1029
1029

PROPERTY OF VARIOUS OWNERS

Album of Original Plains Indian Warrior-Artist Pencil Sketches, ca. 1880
Estimate
10,00015,000
LOT SOLD. 20,000 USD
JUMP TO LOT
1029

PROPERTY OF VARIOUS OWNERS

Album of Original Plains Indian Warrior-Artist Pencil Sketches, ca. 1880
Estimate
10,00015,000
LOT SOLD. 20,000 USD
JUMP TO LOT

Details & Cataloguing

Important Americana

|
New York

Album of Original Plains Indian Warrior-Artist Pencil Sketches, ca. 1880
Oblong album (7 7/8 x 4 5/8 in.; 200 x 119 mm). 28 original drawings in blue, red, and gray pencil on paper and card, bound in with linen tape; occasional smudging, some finger-soiling to margins. Brown cloth over boards, yellow endpapers; overall wear and fraying with some loss, particularly to spine.
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Provenance

Ex-Library of the Cincinnati Art Museum (bookplate to front pastedown)

Literature

American Dreams: American Art to 1950 in the Williams College Museum of Art, edited by Nancy Mowll Mathews (New York: Hudson Hills Press, Distributed by National Book Newtwork, 2001),  pp. 60-63.

Jean Afton, The Edwards Ledger Drawings:Folk Art By Arapaho Warriors. January 16–March 14, 1990 (New York: David A. Schorsch Incorporated, 1990).

Catalogue Note

The pictography of the Plains Indians fulfilled an important social function for the tribes, the custom being for Indian warriors to use such scenes to depict his feats of bravery on his robe of buffalo hide. In this way all might read his war record as it was wrapped around him, and he would thus be accorded his rightful place in a war-based society.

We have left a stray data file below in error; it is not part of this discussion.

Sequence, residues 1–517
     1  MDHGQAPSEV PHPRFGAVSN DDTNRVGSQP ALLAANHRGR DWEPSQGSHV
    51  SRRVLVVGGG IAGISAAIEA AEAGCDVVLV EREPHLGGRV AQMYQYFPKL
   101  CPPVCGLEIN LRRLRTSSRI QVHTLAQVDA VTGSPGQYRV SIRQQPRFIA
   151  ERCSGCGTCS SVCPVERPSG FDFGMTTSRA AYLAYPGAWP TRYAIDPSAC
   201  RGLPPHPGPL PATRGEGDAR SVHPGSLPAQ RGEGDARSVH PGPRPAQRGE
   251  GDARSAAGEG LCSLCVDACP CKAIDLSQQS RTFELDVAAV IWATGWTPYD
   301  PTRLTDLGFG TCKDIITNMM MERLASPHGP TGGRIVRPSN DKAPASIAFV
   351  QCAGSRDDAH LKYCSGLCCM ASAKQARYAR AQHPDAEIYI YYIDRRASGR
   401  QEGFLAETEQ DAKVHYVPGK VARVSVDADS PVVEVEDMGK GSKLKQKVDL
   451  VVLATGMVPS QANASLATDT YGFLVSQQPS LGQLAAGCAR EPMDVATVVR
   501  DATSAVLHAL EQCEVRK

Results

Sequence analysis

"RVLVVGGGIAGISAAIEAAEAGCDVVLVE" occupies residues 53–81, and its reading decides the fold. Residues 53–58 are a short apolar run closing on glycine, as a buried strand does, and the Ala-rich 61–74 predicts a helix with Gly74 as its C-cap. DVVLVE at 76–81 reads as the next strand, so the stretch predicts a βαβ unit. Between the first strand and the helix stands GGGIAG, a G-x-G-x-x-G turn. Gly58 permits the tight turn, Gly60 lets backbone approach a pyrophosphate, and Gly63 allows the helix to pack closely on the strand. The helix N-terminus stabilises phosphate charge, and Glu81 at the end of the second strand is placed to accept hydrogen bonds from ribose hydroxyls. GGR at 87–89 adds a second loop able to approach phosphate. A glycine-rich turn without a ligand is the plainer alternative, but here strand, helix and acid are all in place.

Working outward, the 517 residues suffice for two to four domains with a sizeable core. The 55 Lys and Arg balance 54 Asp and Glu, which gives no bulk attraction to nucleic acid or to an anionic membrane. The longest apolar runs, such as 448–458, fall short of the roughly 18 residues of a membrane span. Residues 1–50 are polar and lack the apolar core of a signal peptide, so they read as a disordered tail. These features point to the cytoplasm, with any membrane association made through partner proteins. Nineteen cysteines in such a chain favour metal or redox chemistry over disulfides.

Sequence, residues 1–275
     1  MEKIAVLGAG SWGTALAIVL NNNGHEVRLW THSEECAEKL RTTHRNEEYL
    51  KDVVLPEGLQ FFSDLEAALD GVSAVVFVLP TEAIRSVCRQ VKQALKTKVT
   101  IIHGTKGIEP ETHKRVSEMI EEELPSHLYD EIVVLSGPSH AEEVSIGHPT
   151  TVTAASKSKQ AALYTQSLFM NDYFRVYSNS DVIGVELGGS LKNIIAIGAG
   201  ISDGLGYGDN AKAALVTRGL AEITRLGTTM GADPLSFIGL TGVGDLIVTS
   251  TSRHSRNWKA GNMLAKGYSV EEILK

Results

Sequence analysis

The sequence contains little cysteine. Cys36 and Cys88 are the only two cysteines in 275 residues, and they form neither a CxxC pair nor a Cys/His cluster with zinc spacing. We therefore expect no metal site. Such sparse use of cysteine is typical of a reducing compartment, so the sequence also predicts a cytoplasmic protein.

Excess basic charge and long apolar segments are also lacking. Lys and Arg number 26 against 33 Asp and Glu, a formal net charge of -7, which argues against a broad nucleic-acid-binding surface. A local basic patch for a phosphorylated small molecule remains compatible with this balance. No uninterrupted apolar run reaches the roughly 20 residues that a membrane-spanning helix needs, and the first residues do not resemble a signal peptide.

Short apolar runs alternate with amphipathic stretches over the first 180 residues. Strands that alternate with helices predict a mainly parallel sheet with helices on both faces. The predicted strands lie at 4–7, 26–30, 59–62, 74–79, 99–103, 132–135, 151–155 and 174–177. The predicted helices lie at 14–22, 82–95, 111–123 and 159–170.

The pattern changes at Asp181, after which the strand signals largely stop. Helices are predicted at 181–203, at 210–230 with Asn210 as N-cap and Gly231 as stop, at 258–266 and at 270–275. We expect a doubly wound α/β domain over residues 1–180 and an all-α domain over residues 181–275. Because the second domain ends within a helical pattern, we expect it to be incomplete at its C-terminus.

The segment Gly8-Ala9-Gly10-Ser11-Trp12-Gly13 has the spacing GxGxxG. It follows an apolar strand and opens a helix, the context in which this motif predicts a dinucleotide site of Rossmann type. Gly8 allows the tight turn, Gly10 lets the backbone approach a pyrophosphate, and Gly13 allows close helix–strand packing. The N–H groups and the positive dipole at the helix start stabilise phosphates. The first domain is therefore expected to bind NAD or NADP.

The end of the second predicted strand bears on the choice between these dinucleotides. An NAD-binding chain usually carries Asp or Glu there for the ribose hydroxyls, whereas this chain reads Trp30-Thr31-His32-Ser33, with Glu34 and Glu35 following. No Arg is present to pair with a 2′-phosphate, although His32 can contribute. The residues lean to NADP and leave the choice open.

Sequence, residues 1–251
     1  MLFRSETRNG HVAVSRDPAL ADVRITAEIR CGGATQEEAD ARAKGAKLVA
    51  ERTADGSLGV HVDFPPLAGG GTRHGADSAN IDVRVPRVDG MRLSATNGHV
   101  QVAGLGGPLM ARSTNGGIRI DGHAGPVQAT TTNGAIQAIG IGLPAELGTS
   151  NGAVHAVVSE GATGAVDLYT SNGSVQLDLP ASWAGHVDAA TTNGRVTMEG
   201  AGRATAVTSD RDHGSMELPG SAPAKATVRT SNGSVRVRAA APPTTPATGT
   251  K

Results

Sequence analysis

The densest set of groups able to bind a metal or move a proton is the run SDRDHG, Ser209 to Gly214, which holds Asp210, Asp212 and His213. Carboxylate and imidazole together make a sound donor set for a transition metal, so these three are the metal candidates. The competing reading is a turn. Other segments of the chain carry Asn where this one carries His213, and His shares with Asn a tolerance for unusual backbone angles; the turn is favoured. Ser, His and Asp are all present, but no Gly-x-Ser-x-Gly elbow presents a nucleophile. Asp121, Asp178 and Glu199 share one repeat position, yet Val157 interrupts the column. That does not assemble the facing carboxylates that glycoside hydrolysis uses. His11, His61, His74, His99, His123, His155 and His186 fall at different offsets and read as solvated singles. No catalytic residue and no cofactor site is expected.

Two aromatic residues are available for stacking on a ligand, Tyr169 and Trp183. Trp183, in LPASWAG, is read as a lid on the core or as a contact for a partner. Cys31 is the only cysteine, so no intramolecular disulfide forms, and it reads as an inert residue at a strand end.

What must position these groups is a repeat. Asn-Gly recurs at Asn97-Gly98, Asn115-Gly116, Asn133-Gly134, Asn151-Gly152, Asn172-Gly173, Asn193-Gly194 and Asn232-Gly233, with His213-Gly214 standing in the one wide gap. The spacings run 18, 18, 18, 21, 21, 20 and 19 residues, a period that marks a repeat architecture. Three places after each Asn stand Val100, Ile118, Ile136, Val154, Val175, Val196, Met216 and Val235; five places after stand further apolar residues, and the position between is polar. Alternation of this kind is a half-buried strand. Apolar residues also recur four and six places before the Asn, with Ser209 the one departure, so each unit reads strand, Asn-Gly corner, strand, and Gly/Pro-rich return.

In the latter half of the 19th century, warrior-artists of the Great Plains—including men of the Arapaho, Caddo, Cheyenne, Comanche, and Kiowa nations—began to compile such historical narratives on paper rather than buffalo hides. In addition to the increasing scarcity of hides, the influx of travellers, traders, and military officers in the West during this period, brought new materials that proved easy to use, and desirable for their portability. It became more than a medium through which one might establish his ranking, and functioned as an essential tool for the common man who had to resolve communication issue between nomadic people. This was done in parallel with the recitation or development of oral histories, making such visual narratives an integral component of traditional Indian arts and culture.

The present album strikingly portrays scenes of warrior combat, various instances of dress—to include that of a cavalry officer—more domestic scenes of hunting, and even a graphic image of a scalping. The variety of imagery creates a broad narrative, offering not only a rich aesthetic, but also a captivating glimpse into the life of a Plains Indian.

Important Americana

|
New York